An interesting point regarding pantropical maritime species potentially or incipiently invasive in Texas
has been raised by Tom Patterson (South Texas College, Rio Grande City). “How to classify these new arrivals? For the most part, they have not escaped from cultivation. But they potentially are a threat and I believe they need their own category. After tropical storms South Padre Island receives sea beans, red mangrove fruits, and coconuts. Some of these propagules in the past have produced plants and have been infrequently documented by collections, only later to succumb to a severe freeze. With global warming more of these pantropical maritime species will persist and become naturally adventive to Texas.” In this category Patterson includes Caesalpina bonduc, Canavalia rosea, Cassytha filiformis, Conocarpus erectus, Laguncularia racemosa, Rhizophora mangle, and Scaveola plumieri. These are added as a special category in the Watch List (Appendix 5). roadside flora. The emphasis here on ecological impact to natural habitats is especially significant in Texas, where such a relatively small portion of the land is unaltered and it is critical to protect remaining natural areas. Following Journal of the Botanical Research Institute of Texas 3(2)
that thought, however, roadsides in Texas are exceptionally significant since they comprise a significant por-tion of public land in the state and in some places are important in harboring elements of the native flora.
“It’s hard to know what to do with roadsides. They’re not entirely natural, and sometimes the weediness
stops at the fence. Don’t you wish you had a time machine and could go back 1000 years (or 100) and see Texas without all of the exotics? I wonder what spring would look like without all the non-native mustards, mints, beans, grasses, etc. What might we have had that is no longer here at all? All that vetch and clover and henbit and shepherd’s purse had to replace *something*” (Monique Reed, pers. comm.).
All non-native species known to occur in Texas, with “Fundamental Invasiveness Index” rankings. Species on the “WATCH List” (Appendix 4) are indicated. ACANTHACEAE Cuminum cyminum L.—F3-Herbaceous Hygrophila polysperma (Roxb.) T. Anders.—F2-Woody Cyclospermum leptophyllum (Pers.) Sprague ex Britt. & Nomaphila stricta (Vahl) Nees—F2-Woody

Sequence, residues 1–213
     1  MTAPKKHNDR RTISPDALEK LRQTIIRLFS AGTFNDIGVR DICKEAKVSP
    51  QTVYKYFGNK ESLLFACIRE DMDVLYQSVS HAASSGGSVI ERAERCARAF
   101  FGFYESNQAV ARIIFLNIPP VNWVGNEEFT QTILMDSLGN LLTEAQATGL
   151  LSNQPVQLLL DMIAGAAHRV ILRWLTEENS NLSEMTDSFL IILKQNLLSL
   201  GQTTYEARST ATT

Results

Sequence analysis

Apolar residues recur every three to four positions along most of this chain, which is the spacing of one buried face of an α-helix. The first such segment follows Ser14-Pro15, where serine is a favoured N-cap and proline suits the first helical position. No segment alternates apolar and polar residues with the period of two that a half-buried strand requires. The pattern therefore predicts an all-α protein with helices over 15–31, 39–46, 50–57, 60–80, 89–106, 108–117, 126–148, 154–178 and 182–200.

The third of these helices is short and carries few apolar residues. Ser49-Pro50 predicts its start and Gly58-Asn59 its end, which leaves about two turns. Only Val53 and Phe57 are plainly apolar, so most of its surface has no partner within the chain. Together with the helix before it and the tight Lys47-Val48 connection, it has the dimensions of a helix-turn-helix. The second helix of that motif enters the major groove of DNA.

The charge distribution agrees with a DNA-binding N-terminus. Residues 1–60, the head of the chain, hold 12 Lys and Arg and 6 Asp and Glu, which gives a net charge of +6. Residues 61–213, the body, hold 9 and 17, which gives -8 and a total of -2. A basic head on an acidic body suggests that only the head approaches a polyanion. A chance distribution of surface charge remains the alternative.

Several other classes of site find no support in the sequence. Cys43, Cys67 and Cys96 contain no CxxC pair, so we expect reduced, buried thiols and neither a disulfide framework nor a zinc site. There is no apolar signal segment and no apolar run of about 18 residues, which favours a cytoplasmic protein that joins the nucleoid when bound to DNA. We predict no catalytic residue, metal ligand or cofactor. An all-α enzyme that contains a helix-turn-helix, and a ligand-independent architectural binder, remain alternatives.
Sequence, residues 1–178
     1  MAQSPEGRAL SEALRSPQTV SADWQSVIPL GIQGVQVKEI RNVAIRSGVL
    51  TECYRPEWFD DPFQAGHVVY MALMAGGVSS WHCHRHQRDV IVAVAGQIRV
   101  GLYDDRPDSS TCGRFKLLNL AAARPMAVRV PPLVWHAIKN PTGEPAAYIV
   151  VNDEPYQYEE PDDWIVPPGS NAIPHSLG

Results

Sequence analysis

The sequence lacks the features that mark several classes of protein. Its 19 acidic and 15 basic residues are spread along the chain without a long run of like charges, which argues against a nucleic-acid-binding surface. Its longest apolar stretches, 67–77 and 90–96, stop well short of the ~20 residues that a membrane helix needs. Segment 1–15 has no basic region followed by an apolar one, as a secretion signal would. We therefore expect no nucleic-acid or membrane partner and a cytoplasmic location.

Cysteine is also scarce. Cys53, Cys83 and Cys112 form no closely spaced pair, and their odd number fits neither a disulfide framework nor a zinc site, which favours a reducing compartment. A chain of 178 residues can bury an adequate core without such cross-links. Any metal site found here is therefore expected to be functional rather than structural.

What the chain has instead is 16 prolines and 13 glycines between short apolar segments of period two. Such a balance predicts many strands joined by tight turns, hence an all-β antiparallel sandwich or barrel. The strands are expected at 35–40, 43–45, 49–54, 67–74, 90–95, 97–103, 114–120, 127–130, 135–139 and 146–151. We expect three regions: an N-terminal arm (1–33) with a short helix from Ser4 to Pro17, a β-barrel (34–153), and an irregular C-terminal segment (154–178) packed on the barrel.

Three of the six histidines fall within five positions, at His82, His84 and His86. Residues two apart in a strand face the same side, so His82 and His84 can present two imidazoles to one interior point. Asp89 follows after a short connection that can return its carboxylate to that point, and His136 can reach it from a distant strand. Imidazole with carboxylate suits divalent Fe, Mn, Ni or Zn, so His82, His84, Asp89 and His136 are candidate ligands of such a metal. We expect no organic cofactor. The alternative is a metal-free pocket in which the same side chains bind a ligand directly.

Wilson—F2-Herbaceous Ruellia caerulea Morong—F3-Herbaceous
syn= Apium leptophyllum (Pers.) F. Muell. ex Benth. Daucus carota L.—F2-Herbaceous Thunbergia alata Bojer ex Sims—F3-Herbaceous Foeniculum vulgare P. Mill.—F3-Herbaceous ALOACEAE Hydrocotyle sibthorpioides Lam.—F3-Herbaceous Aloe vera (L.) Burm. f.—F3-Herbaceous Pastinaca sativa L.—F3-Herbaceous Petroselinum crispum (P. Mill.) Nyman ex A.W. Hill—F3- AMARANTHACEAE Herbaceous Achyranthes aspera L.—F3-Herbaceous Alternanthera caracasana Kunth—F2-Herbaceous Scandix pecten-veneris L.—F3-Herbaceous Alternanthera philoxeroides (Mart.) Griseb.—F1-Woody Torilis arvensis (Huds.) Link—F2-HerbaceousWATCH Alternanthera pungens Kunth—F3-Herbaceous Torilis nodosa (L.) Gaertn.—F2-Herbaceous Alternanthera tenella Colla—F3-Herbaceous
Obstetrics/Gynecology Postfertilization Effect of Hormonal Emergency Contraception Chris Kahlenborn, Joseph B Stanford, and Walter L Larimore OBJECTIVE: To assess the possibility of a postfertilization effect in regard to the most common types of hormonal emergency contraception (EC) used in the US and to explore the ethical impact of this possibility. DATA SOURCES AND STUDY SELECTION:
Design and synthesis of aryloxyalkylamines as h5-HT1B agonists with potential analgesic activity. A. M.Ismaiel, L. M. Gad , Salah A. Ghareib , F. H. Bamanie & M. A.Moustafa Pharmaceutical chemistry department, * Pharmacology &Toxicology department, Faculty of Pharmacy. King Abdulaziz University,Jeddah,KSA. It has been proposed that h5-HT and receptors agonists ar